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A Potter's Moll: The Hand, Nose And Chin Of The Weatherman

...I can hardly believe that the Robisons have entered the twenty first century to the extent that we have bought a slim-line, digital TV. We don’t watch a lot of television, mainly news and documentaries, but we did eventually come to realise that it was not normal for us to see only the hand, nose and chin of the weatherman as he stood alongside his chart. On the Luddite side of things, though, we did buy it from a small local retailer and not a giant chain, and it was probably the smallest screen on offer...

Liz Robison's diary of a busy life is always a delight.

Do please visit the Web site of Liz's potter husbgand Jim Robison http://www.jimrobison.co.uk/

A bit of a gardening theme to begin with this week. Things are definitely beginning to grow now. Yesterday was the first day for ages I could honestly say it was comfortable to be outside in the garden without a fleece on. I split snowdrops and planted some violas in containers – I like them better than their more blowsy sisters, pansies. I put my tomato plants in bigger pots and staked them, ditto some green and yellow peppers.

Last year was the first year I had tried to grow peppers and they were absolutely washed away in the terrible rainy summer we had, so fingers crossed for better luck this summer. Today I have surveyed the garden shed. It’s a disgrace and needs a good bottoming, as we say in Yorkshire. I don’t understand how I have acquired three bulb planters (or three hundred plant pots), so action needs to be taken. It is one of those jobs that are quite satisfying when you roll up your sleeves and get down to it. The window has a beautiful view down the valley and across to the moor.

Regular readers may remember that in my last column I talked about a poem, Toome Road, by Seamus Heaney. He used the word omphalos, the Greek word for navel. I have since discovered that the word was applied to a column outside the cave of the Oracle at Delphi, which the ancient Greeks believed marked the centre of the universe. That makes sense in the context of the poem, and makes Heaney even more erudite than I first thought.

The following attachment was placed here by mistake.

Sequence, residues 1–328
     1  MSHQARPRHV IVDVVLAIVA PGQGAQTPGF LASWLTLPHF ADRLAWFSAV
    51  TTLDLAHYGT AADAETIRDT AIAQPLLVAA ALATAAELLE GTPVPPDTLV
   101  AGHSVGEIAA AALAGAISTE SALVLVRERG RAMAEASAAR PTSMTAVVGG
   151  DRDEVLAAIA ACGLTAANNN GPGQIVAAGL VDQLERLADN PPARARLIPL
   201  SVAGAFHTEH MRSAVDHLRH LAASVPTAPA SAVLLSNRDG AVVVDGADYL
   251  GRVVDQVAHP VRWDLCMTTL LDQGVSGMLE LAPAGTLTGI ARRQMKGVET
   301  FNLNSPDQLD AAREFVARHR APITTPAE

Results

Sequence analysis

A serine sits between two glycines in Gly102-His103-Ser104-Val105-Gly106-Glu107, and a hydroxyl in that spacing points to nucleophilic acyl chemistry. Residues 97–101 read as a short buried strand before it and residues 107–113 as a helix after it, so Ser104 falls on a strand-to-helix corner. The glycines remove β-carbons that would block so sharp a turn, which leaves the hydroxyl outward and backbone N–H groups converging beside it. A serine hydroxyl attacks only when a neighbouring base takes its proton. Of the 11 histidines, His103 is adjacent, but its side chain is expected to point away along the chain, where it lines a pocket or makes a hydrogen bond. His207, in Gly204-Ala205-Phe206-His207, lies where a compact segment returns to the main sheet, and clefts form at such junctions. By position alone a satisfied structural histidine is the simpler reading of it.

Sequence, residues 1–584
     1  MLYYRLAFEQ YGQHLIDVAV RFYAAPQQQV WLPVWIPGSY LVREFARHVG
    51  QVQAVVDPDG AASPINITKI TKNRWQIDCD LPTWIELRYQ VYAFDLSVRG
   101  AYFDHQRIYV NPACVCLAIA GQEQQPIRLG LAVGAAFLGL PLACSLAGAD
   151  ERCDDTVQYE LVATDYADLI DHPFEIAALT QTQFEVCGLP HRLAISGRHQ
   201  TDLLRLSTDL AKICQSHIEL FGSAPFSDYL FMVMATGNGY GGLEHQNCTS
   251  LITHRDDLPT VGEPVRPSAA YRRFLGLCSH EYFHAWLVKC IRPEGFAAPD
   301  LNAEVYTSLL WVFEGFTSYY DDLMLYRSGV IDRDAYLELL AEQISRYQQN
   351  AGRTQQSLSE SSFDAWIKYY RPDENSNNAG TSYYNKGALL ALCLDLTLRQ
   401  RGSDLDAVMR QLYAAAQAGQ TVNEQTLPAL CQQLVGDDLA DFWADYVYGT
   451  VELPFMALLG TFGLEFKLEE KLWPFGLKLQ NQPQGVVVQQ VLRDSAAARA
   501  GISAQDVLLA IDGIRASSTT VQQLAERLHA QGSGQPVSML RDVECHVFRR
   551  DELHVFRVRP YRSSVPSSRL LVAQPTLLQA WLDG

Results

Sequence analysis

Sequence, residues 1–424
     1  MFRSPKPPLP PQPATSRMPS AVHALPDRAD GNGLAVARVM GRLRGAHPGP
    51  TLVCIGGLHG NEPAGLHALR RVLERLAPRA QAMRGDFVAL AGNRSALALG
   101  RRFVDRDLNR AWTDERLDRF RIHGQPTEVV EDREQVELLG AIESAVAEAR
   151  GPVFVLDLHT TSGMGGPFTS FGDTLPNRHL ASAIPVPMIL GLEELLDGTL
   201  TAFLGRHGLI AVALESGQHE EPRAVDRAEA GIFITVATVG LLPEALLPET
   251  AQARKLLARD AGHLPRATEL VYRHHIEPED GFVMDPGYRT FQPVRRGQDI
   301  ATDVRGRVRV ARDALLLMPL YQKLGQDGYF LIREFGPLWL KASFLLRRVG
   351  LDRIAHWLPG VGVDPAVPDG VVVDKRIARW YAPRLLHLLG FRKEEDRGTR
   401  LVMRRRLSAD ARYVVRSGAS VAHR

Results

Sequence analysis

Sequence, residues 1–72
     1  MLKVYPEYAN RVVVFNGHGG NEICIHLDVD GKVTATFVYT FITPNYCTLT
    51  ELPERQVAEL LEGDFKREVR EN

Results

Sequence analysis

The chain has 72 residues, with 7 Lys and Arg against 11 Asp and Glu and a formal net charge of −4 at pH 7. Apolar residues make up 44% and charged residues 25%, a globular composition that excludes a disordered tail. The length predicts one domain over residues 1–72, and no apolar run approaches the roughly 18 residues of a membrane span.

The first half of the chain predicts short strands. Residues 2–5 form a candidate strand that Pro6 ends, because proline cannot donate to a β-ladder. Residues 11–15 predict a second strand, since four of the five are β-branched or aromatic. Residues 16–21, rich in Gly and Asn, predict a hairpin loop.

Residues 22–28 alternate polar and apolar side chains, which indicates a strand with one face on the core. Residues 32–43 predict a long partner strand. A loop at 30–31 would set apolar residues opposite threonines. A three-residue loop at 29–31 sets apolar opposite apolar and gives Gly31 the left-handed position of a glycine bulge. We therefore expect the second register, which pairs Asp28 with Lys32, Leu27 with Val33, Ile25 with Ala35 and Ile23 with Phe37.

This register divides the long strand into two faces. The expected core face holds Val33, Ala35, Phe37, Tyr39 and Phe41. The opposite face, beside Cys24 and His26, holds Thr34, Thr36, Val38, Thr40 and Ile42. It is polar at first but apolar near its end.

A slight digression here – in 1970 when I was an exchange teacher in Ann Arbor, Michigan, USA, a young, dark curly-haired Heaney came to do a poetry reading at the school. He was spellbinding reading his work and very unpretentious and charming to me who had the job of meeting and greeting him and generally looking after him.

Many years later when he won the Nobel Prize for literature, I wrote to him via his publisher to congratulate him and I enclosed a photo of the young him, which had appeared in the Huron High School newspaper. Imagine my surprise a few months later to receive a postcard from him saying: ‘You were very good to write. I appreciate the press-clipping service too.’

When I was trying to track down the meaning of omphalos a friend said she had heard of a plant called Omphalodes that has the common name of Navelwort. So yesterday when I saw one in the local garden centre I jut had to buy one didn’t I? It is a perennial, spreading, easy to grow, clump- forming plant with bright blue Forget-Me-Not type flowers. A very nice addition to the rockery.

A friend brought us some of his homegrown rhubarb and it was wrapped in newspaper. This made me feel very nostalgic and reminded me of many things from the past. We made much more use of things like newspaper then. I love paper bags, greaseproof and brown paper, sugar bags and flour bags – anything that is not plastic. My Grandmother was a grocer and my dad grew up working in the shop. He was a very skilled wrapper of butter, bacon, an ounce of Colman’s mustard from a big tin. A big ball of string dangled from above the counter that was also skilfully used.

I try to avoid plastic bags as much as possible and always take my own cloth ones to the supermarket, but there are undoubtedly some things that plastic bags are useful for like emptying the vacuum cleaner bag and picking up dog mess.

I can hardly believe that the Robisons have entered the twenty first century to the extent that we have bought a slim-line, digital TV. We don’t watch a lot of television, mainly news and documentaries, but we did eventually come to realise that it was not normal for us to see only the hand, nose and chin of the weatherman as he stood alongside his chart. On the Luddite side of things, though, we did buy it from a small local retailer and not a giant chain, and it was probably the smallest screen on offer.

Now I have a dilemma – it has started to rain heavily, so do I stay indoors or go and tackle that shed? More from me in a fortnight,

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